I had my first “out of body” experience the other day.
Don’t worry — my heart was working fine. My eyes were playing tricks on me, though — thanks to the virtual reality (VR) headset I wore.
I wandered into a tech store at the mall, with VR headsets on prominent display.
I can see how someone could easily lose themselves in one of these VR rigs.
So, I roamed around three-dimensional worlds of my choosing.
Once you strap on that VR headset, you’re inside a digital universe with its own boundaries and rules. That’s very different from the real world, where we live with constant change.
Some nations’ economies heat up while others cool. Patterns of international trade shift. The value of sovereign currencies fluctuates in unexpected ways.
And then there are the individual investors, like us, trying to navigate this chaotic landscape — where the coronavirus took down the stock market and the great American economy in a matter of months.
But that’s all about to change, thanks to the Great American Reset — which is going to be spurred on by — you guessed it — virtual reality.
Virtual reality, however, has been around for a number of years. Why is it set to change the very economy as we know it right now?
It’s all thanks to another tripping point trend I follow — 5G.
You see, every few years, our communications networks get a major “generational” technology upgrade.
We currently live in a world of 4G networks, encompassing both “wired” and “wireless” networks. While it’s much faster than the bad ol’ days of 1G, 2G and 3G, it still has a long way to go.
Our supposedly high-speed wired data connections clock in at an average download rate of around .06 gigabits per second. Our mobile phone networks are even slower, with an average transfer speed of .02 gigabits per second.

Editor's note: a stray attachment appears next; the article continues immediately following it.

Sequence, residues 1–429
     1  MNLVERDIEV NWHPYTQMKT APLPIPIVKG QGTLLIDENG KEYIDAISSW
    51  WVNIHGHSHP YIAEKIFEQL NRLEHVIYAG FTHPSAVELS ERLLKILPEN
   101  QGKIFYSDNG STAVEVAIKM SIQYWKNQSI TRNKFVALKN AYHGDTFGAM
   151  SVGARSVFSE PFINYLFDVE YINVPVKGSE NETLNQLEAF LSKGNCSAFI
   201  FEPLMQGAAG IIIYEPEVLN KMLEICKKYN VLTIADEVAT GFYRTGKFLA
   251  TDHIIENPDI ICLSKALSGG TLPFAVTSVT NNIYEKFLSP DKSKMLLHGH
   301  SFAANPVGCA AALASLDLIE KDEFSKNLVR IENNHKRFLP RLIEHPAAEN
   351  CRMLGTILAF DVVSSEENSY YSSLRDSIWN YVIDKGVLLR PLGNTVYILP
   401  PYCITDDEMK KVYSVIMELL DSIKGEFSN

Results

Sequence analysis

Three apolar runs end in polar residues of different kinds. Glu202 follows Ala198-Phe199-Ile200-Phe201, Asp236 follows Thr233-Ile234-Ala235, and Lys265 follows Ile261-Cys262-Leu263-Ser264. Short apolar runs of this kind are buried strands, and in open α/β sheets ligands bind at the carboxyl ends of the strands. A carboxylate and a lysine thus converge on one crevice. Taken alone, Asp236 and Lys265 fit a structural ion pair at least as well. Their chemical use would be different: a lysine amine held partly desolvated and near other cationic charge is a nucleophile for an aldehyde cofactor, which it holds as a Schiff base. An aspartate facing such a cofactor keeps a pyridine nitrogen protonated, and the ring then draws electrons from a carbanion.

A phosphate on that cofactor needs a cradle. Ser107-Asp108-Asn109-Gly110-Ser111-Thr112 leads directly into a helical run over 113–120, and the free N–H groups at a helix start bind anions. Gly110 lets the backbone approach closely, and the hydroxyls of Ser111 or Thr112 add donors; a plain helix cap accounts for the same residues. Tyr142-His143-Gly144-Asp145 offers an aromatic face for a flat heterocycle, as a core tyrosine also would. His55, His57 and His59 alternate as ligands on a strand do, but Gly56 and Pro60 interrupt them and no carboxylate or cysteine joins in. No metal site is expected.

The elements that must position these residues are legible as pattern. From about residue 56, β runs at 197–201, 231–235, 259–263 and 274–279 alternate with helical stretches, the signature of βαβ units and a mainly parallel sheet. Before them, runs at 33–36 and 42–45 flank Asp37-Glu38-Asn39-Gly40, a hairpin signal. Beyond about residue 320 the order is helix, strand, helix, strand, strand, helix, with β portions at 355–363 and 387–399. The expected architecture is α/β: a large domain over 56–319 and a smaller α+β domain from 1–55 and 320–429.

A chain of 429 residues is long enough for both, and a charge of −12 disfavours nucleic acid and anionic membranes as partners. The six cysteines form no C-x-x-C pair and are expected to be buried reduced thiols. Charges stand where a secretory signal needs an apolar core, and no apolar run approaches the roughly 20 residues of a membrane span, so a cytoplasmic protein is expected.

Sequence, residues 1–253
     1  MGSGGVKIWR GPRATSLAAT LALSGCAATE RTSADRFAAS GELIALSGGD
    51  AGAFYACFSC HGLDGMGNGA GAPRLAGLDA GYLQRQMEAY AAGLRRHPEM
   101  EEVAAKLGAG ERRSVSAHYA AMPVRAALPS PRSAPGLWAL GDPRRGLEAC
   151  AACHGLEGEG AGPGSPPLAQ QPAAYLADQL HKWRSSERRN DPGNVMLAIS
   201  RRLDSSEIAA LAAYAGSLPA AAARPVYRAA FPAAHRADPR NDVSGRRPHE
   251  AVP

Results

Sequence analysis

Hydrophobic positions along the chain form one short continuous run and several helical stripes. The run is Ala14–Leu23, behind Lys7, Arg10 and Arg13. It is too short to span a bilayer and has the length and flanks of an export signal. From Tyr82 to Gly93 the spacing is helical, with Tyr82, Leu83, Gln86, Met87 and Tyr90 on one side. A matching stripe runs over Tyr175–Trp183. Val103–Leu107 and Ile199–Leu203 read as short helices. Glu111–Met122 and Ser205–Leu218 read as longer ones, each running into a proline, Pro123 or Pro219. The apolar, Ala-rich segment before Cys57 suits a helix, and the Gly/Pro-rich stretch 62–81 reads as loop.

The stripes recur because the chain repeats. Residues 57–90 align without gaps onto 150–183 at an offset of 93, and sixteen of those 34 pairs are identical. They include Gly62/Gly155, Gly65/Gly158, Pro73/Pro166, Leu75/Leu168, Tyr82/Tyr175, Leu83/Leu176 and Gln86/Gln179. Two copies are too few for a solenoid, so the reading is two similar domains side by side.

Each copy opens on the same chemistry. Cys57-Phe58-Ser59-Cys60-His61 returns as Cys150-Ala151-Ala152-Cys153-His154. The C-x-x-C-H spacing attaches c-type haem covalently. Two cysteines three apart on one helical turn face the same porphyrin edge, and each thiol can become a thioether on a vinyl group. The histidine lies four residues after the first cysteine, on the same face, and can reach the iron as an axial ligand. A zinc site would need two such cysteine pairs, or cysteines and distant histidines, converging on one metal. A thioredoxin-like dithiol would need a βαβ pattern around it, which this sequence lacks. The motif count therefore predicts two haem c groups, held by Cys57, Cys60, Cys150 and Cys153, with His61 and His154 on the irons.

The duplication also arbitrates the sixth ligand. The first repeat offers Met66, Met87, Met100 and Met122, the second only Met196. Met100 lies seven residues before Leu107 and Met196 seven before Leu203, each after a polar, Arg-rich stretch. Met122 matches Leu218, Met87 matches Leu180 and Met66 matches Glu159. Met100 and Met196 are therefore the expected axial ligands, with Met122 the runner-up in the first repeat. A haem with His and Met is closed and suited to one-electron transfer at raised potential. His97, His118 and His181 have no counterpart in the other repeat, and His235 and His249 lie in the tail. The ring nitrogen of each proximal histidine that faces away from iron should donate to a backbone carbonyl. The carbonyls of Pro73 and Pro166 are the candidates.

So how fast will 5G technology be?
With 5G, our download speeds will be more than 10 times faster — at least one full gigabyte per second. So let’s just say 5G is really, really fast.
It also offers the bandwidth for all the things we use the internet for today and tomorrow: not just streaming on mobile devices, but extending massive data links to autonomous vehicles, “sensorized” factories, as well as “smart” cities and homes.
And yes, I believe the shift to 5G will push virtual reality into a new form of mass entertainment. And new forms of entertainment are needed now more than ever — when the average American is looking for ways to amuse themselves safe in their own home.
It takes a huge amount of bandwidth and computational power to create a convincing lifelike digital environment we can roam around and explore. It’s possible to do now, but it means bulky headsets, wires and high-powered gaming computers close at hand. With 5G data speeds, most of that technology could be parked in the cloud and fed to our VR headsets wirelessly.
Thanks to 5G, virtual reality will finally take off, leading to the Great American Reset — the greatest economic boom we’ve seen this side of the 21st century.